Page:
Burnley plumber pledges £5,000 to Pastor Mick Fleming's 'life or death' night shelter appeal
A kind-hearted plumber has pledged £5,000 towards a night shelter for the homeless after pastor Mick Fleming warned people were now dying on the streets of Burnley.
James Anderson, who hit the headlines last year when he fixed the boiler of a 91-year-old woman with leukaemia free of charge, also offered to cover the shelter's plumbing and heating maintenance.
The selfless gesture comes as Pastor Fleming, who through Church on the Street has been the spearheading the campaign for a night shelter since early last year, said the situation had now gone way beyond crisis point.
"I know people who have died on the streets of Burnley," he said. "And I know that if we had had this night shelter, these people would not have died. I have picked people up of the streets; vulnerable people with serious health conditions. I have taken them to places for help but the waiting list is so long they have had to go back on the streets.
"The people have spoken. The people are sick of it. Business have been getting in touch with me, charities have been getting touch with me. The homeless situation is getting worse, but the support is growing. The night shelter would help bring everything we're doing together.
"It's a massive gesture from James. I've got a building in mind for the shelter and donations like this help greatly. We need money for rent but also to ensure the premises are fit for purpose. Showers needs fitting, and a kitchen, and that's why James' offer to cover the maintenance is also incredible. We can't thank him enough."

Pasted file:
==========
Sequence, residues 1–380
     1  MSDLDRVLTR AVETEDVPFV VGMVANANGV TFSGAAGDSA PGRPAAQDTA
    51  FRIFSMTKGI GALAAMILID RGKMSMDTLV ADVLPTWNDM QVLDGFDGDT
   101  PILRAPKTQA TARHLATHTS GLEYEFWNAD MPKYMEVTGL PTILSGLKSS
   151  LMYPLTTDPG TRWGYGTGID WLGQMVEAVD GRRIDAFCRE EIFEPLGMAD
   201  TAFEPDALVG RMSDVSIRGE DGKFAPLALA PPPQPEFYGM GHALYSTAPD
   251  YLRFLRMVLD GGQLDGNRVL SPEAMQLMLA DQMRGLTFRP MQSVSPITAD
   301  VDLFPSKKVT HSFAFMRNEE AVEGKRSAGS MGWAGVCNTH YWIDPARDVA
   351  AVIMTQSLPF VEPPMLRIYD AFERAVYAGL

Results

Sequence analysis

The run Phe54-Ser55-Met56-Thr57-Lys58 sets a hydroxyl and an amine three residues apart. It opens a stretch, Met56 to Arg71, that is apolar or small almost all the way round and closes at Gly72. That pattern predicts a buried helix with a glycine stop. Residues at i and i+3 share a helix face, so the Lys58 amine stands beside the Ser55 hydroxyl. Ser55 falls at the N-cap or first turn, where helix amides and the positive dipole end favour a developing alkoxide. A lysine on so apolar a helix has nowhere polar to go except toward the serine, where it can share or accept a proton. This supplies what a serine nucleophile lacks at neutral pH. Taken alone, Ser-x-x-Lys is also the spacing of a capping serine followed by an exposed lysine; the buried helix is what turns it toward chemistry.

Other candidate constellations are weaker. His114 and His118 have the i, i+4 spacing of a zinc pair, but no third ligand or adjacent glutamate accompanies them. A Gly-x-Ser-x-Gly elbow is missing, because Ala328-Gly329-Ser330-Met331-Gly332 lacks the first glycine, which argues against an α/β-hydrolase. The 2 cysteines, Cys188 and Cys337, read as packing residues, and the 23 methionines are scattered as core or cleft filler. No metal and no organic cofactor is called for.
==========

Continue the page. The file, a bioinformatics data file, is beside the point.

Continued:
The night shelter would offer rough sleepers an unconditional room for the night. They would be given a shower, a brew and a bed, before being sent on their way in the morning following breakfast.
James said the shelter was a fantastic idea and was full of praise for the work Pastor Fleming and his team was doing.
"I've always followed Mick on Facebook; it's incredible what he's doing," he said. "When I was 18 years old I was homeless in London and Bristol, and so I know what it feels like to be isolated from society. Once people find themselves in that situation, whether it be through choice or no fault of their own, it is extremely difficult to reintegrate back into society. There's always this stigma attached to homeless people - they drink, they do drugs - and that's not always the case
"The night shelter is such a good idea. It gets them off the street and away from danger, but it's also a stepping stone for them. It shows them that people do care, and are willing to give them a hand up.
"When you're homeless you do feel alone, you do feel as if nobody cares. My big problem when I was homeless was that I stunk, I was dirty, the clothes I was wearing looked like they had come from the 1920s. When people see that, they just see you as a certain type of person."
James, who runs Depher CIC, has set up a JustGiving page, which can be found here, to help raise further funds for the night shelter and urged the people of Burnley to help out any way they can.
"It hits hard, especially at this time of year when the weather is so bad," added James. "I'm going to be contacting every business in Burnley and asking them to make a donation. Those who can should always give a little back. The homeless need our help."